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Virgin set for first long-haul flight with low-carbon fuel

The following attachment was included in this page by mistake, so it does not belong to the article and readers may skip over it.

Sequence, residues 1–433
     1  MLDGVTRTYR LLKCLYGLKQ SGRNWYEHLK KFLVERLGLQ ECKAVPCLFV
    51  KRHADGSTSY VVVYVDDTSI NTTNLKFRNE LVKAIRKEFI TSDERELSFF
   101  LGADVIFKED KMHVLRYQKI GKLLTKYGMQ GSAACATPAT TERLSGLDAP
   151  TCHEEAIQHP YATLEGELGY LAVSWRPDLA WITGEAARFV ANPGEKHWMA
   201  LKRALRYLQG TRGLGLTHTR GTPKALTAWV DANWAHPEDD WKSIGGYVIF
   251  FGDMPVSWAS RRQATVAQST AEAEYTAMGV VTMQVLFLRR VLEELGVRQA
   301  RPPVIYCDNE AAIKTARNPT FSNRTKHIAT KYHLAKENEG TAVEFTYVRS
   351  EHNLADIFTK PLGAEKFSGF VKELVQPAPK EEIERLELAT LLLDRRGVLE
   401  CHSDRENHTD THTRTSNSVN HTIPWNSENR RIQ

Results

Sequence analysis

British airline Virgin Atlantic on Tuesday operates the first transatlantic flight powered entirely by Sustainable Aviation Fuel (SAF), but environmental groups criticised the event as “greenwashing”. The flight will leave London’s Heathrow airport at 1130 GMT bound for New York’s JFK. It is the first time that SAF will be used “in both engines, by a commercial airline, for long-haul flight”, the airline said in a statement. However, the Boeing 787 plane equipped with Rolls-Royce engines will not carry any paying passengers or cargo. SAFs are produced from renewable biomass and waste resources and can be used in jet fuel to a maximum of 50 percent, having been blended with kerosene, in modern aircraft. They are seen as the main tool for decarbonising the aviation sector over the coming decades, but the technology is still in its infancy and production remains very expensive. Also, they are used in combustion engines that still generate carbon dioxide, with decarbonisation taking place further upstream by reusing plant matter instead of extracting hydrocarbons. The UK government last December announced that it was providing up to £1 million ($1.26 million) in support of the project, led by Virgin in collaboration with the University of Sheffield, US aircraft manufacturer Boeing and British engine manufacturer Rolls-Royce. Environmental group Stay Grounded called the operation “greenwashing” — a term used for companies that use deceptive claims to convince the public that their products or operations are environmentally friendly. “While public focus is on this one seemingly green flight, there are 100,000 daily flights using fossil fuels,” said Magdalena Heuwieser, from the Stay Grounded network. Finlay Asher, an aerospace engineer who has worked for Rolls-Royce, quoted by Stay Grounded, said that the production process was a “technological dead-end” that “can’t be sustainably scaled beyond a few percent of existing jet fuel use”. Greenpeace also criticised the event, with its chief scientist Doug Parr warning that “the two potential sources of genuinely sustainable aviation fuel are both severely limited in scale”. “The waste used as feedstock for the bio-kerosene in this flight is not available in quantities large enough to make a big impact on aviation’s emissions. “And the CO2 from Direct Air Capture and green hydrogen from electrolysis — both used to make e-kerosene — are very expensive to produce. “The only effective way to deal with aviation emissions in the short term is by tackling demand, and any suggestion otherwise is just pie in the sky,” he added. The flight comes two days before the UN’s COP28 climate conference in Dubai, where the future of fossil fuels will be hotly debated.

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